AUSTIN, Texas -- School programs designed to educate children and adolescents on how to understand and manage emotions, relationships and academic goals must go beyond improving the skills of the individuals to create a respectful climate and allow adolescents more autonomy in decision making, according to psychology research at The University of Texas at Austin.
Neuroscientists have identified both early childhood and adolescence as windows of opportunity for development; and social and emotional learning (SEL) programs are a vital contributor to academic achievement and future success. But educators, policymakers and scholars hold competing views on how or whether SEL skills should be taught in schools.
In an analysis published in Future of Children, UT Austin psychology assistant professor David Yeager identifies and evaluates three types of SEL programs: the skills model, focused on changes made to the individual; the climate model, geared toward improving the emotional environment; and the mindsets model, which addresses the interplay between environments and the beliefs develop and that shape their behavior over time.
"Effective programs are not based on the skills model, even though they sometimes teach skills," said Yeager, a faculty affiliate of the university's Population Research Center. "Instead, they find ways to motivate young people in terms of the values that matter most to them, and find ways to make environments more respectful."
Whereas children younger than 10 are forming basic habits for good conduct in school, teens are more sensitive to social and emotional changes. Because of these differences, skill-based SEL programs taught in elementary classrooms cannot be simply "revamped" for older audiences; rather, approaches that tap into teens' values and influence the overall climate are most effective.
Effective mindset models harness the adolescent desire for status, respect and a more respectful climate, and they blunt the power of threats to peer status and respect -- social aspects valued heavily by pubescent adolescents due to changes in brain structures and hormone activity, such as the status-relevant hormone testosterone, Yeager said.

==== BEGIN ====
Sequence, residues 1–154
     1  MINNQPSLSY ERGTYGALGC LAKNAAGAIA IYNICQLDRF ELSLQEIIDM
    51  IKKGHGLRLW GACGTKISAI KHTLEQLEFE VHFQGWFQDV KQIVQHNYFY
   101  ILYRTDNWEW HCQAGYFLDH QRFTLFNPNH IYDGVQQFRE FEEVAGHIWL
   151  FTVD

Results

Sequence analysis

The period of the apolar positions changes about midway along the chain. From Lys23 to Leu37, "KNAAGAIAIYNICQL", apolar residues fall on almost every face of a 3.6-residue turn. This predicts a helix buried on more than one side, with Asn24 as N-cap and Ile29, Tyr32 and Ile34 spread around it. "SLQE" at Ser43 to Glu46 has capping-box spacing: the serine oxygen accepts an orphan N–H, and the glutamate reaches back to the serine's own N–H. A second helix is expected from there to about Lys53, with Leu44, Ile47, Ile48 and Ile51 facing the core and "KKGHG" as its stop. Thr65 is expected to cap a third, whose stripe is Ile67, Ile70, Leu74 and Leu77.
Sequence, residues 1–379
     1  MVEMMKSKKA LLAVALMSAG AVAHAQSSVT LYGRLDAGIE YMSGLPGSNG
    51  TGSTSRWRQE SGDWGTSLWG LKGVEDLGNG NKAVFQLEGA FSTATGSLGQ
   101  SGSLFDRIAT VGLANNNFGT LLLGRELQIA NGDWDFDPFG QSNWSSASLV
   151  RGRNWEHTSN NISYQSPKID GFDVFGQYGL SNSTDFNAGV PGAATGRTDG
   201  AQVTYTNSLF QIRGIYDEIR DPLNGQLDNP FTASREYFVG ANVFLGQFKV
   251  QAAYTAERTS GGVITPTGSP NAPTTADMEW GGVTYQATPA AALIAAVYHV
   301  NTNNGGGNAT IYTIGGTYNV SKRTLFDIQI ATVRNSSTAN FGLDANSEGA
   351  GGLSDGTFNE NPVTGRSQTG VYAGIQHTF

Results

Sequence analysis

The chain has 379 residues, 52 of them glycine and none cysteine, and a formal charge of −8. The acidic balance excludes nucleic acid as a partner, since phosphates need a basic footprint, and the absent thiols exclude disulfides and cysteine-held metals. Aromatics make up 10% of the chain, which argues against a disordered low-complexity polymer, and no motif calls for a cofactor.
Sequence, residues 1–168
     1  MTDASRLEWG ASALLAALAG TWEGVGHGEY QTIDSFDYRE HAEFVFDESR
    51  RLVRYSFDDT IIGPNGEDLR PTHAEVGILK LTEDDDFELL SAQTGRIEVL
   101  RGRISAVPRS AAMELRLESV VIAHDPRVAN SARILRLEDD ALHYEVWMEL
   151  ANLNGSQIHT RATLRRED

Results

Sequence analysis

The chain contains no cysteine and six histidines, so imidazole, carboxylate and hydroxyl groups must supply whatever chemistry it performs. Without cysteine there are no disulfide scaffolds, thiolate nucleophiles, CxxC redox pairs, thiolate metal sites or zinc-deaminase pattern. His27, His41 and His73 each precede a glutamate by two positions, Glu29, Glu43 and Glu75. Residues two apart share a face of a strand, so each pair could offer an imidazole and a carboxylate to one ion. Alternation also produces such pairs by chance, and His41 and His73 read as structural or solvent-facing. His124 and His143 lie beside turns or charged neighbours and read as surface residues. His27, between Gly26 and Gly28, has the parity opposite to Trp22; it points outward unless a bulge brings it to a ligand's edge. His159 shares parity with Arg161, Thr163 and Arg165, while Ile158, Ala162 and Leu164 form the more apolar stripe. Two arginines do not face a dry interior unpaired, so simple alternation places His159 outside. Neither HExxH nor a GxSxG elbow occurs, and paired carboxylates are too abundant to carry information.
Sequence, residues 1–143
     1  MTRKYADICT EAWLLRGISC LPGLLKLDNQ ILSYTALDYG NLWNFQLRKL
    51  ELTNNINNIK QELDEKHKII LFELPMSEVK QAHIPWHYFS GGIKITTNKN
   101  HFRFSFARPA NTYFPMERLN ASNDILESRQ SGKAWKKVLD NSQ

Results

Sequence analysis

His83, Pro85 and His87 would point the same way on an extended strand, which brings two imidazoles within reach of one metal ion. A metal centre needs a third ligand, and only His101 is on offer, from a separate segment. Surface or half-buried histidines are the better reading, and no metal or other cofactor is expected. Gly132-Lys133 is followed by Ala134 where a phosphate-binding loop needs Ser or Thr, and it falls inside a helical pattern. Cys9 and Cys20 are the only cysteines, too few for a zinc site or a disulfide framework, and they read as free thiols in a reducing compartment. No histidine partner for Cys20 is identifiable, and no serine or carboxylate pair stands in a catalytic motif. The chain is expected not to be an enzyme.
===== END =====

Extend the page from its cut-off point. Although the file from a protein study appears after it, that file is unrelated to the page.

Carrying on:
"Improving adolescents' interior social and emotional lives can spill over into other areas of functioning, because social and emotional life matters so much at this age," said Yeager.
Effective approaches help teens find purpose in both learning and as members of their communities, Yeager said. In one experiment, Yeager asked 400 students to reflect on issues or people that mattered most to them, and then presented them with stories and data of other students who had a desire to learn in order to make a difference. Teens were then asked to write a persuasive letter to future students to adopt a purpose for learning. Overall, students improved by 0.10 grade points, with some low-scoring students improving twice that by semester's end.
Creating a more respectful climate means doing away with authoritarian structures to make way for more authentic relationships with adults through positive, democratic group dynamics, including replacing zero-tolerance discipline strategies with those that are more empathetic. Yeager cites one study by Rutgers University psychologist Anne Gregory, which gave students more autonomy in choosing meaningful work, rather than busy work. Students in these academically demanding classes were less likely to be disciplined, shortening the racial gap in discipline infractions.
Finally, it is possible to blunt the power of social threats by teaching teens that socially relevant traits are malleable and not fixed -- an incremental theory of personality -- which can make them feel better equipped to face social challenges, rather than viewing them as threats and diagnosing them as lasting realities. Yeager's studies showed that teens exposed to the incremental theory coped better on days when they reported more stressors and exhibited higher GPAs seven months later compared with their peers.
"If we define successful SEL programs as those that instruct and expect adolescents to apply a given skill in novel settings and thereby show greater well-being, then the evidence is discouraging," Yeager said. "But if include programs that affect social-emotional outcomes by creating climates and mindsets that help adolescents cope more successfully with the challenges they encounter, then evidence is not only encouraging but demands urgent action in schools across the country."